Nov 30, 2011
A few years ago, I posted some teaching notes in regard to discipleship. Today, I am posting the first in what I hope to be a series of thoughts on the topic.
Go therefore and make disciples of all nations, baptizing them in the name of the Father and of the Son and of the Holy Spirit, teaching them to observe all that I have commanded you. (Matthew 28:19)
We affectionately call this passage of Scripture the Great Commission. As believers, the Great Commission is our marching orders. It is our call of duty. It has been at the heart of evangelistic efforts since the time of the earliest disciples. Yet, during the centuries through which we have passed and the millions of confessions of faith which have resulted from the force of this commission, there have been very few who have truly understood its full meaning. Yes, we have succeeded in the going and in baptizing. But have we truly made disciples? And even more importantly, are we truly disciples? Why is it important that we understand what it means to become a disciple of Yeshua? Aren’t all believers his disciples? In theory this should be true. However, more often than not, reality is different than theory. In order to understand how to become a disciple, we must first learn what a disciple is and is not.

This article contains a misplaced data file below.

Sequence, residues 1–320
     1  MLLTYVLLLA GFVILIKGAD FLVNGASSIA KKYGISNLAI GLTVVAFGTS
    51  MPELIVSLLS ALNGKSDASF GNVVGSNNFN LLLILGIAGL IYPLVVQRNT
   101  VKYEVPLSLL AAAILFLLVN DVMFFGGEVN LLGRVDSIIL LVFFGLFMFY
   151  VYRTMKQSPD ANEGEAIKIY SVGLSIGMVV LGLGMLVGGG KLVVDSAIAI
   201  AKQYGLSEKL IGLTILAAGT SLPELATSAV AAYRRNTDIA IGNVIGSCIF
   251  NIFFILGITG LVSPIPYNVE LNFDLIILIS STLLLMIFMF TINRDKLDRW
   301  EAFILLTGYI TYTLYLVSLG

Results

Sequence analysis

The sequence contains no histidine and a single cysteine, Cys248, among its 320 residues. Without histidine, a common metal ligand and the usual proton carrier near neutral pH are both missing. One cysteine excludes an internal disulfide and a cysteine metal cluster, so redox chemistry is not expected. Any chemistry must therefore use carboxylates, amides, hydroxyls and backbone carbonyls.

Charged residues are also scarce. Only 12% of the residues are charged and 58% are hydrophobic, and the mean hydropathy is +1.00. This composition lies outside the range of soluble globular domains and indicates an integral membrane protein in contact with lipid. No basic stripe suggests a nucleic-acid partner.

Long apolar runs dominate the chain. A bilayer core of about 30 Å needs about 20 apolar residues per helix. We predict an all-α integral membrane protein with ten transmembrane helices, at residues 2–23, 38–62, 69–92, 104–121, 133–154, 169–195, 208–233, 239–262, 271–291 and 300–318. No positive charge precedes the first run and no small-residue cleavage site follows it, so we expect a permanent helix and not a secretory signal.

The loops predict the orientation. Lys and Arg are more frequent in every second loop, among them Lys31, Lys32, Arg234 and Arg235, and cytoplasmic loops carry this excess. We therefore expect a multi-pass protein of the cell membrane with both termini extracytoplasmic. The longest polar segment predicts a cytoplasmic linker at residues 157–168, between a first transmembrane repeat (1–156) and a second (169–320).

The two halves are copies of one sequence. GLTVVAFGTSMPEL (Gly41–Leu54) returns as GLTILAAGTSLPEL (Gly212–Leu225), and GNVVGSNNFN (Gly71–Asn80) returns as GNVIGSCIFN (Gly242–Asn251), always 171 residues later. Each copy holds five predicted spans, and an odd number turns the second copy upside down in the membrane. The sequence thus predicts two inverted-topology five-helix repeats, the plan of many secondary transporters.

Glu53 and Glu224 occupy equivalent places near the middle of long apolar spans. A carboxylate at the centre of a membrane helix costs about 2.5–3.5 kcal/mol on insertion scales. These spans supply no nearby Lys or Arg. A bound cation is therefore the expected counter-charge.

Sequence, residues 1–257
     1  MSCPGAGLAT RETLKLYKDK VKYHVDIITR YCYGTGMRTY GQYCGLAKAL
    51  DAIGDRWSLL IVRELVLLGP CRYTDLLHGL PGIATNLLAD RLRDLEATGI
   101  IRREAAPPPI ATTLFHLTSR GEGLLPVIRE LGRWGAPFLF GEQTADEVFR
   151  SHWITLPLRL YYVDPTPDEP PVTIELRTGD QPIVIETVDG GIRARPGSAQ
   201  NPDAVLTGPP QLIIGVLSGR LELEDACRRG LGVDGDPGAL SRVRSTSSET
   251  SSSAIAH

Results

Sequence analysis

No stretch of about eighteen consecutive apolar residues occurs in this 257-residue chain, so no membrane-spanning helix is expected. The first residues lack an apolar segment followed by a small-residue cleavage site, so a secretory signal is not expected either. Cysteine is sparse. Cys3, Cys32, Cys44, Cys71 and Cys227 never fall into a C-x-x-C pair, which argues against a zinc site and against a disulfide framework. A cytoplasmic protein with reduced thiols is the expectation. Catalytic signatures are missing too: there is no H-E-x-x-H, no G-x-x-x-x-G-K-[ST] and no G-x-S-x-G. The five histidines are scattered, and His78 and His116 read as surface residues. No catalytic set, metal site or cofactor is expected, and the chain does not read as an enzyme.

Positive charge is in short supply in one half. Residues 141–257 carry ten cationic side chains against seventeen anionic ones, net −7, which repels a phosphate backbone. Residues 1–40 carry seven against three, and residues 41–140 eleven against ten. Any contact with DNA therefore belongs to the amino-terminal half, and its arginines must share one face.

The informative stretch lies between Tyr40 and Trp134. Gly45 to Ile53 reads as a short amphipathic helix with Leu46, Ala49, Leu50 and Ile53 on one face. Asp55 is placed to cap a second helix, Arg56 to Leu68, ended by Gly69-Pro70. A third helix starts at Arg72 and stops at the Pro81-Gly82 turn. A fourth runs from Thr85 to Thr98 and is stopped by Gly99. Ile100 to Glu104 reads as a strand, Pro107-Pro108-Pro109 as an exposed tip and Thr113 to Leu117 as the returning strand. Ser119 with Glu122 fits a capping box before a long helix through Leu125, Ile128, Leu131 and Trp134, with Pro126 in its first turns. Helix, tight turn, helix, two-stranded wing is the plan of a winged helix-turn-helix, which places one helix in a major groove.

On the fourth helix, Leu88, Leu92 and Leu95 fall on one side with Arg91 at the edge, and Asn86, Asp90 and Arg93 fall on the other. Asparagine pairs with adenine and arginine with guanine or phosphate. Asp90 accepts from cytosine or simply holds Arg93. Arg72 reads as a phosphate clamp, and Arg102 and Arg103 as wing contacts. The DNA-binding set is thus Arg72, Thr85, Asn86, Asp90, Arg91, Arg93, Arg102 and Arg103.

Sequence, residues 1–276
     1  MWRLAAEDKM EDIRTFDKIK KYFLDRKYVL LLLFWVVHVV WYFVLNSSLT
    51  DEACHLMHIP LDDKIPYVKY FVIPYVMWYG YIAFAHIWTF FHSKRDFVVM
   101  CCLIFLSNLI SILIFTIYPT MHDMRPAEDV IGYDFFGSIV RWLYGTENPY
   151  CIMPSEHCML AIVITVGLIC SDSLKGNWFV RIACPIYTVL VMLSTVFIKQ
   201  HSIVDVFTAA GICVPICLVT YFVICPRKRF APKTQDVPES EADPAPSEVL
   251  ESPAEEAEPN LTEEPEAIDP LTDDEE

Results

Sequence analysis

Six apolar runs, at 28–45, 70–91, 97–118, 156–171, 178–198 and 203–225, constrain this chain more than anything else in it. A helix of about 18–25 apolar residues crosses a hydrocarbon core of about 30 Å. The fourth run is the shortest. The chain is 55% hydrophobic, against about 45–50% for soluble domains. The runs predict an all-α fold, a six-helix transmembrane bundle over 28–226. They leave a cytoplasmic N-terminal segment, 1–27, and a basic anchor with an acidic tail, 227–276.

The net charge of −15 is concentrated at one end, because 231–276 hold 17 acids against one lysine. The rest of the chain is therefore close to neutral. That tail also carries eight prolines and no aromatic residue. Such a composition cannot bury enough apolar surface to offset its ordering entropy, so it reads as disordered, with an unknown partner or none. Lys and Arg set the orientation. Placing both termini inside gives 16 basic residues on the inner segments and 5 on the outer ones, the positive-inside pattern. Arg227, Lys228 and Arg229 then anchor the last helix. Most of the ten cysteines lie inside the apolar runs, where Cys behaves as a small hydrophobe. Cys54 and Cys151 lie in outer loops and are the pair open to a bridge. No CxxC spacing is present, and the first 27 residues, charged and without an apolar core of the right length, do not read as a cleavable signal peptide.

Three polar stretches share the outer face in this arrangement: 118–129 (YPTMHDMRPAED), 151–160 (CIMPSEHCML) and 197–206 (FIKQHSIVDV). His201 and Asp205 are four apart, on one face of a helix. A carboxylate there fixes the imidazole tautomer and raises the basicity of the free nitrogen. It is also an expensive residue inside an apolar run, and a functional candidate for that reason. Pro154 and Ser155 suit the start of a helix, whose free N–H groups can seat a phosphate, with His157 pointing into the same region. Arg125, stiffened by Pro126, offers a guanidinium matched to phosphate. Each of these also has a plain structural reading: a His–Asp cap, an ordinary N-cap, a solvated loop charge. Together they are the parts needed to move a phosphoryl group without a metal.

The common practice within Christendom today is to evangelize so that we can get people “saved.” And on occasion, it is hoped that they would participate in some kind of evangelistic outreach event so that they can help bring more sheep into the flock. This is our concept of making disciples. However, this is far from the pattern of discipleship that we see modeled in Yeshua throughout the Gospels. It is also very distant from the concept found within the Hebrew Scriptures and historic Judaism. Judaism has a rabbinic parallel to the Great Commission. “Be deliberate in judgment, raise up many disciples, and make a fence around the Torah” (m.Avot 1:1). Discipleship is a Jewish innovation. Therefore, in order to truly understand discipleship, we must first understand the relationship between a Jewish rabbi and his disciples.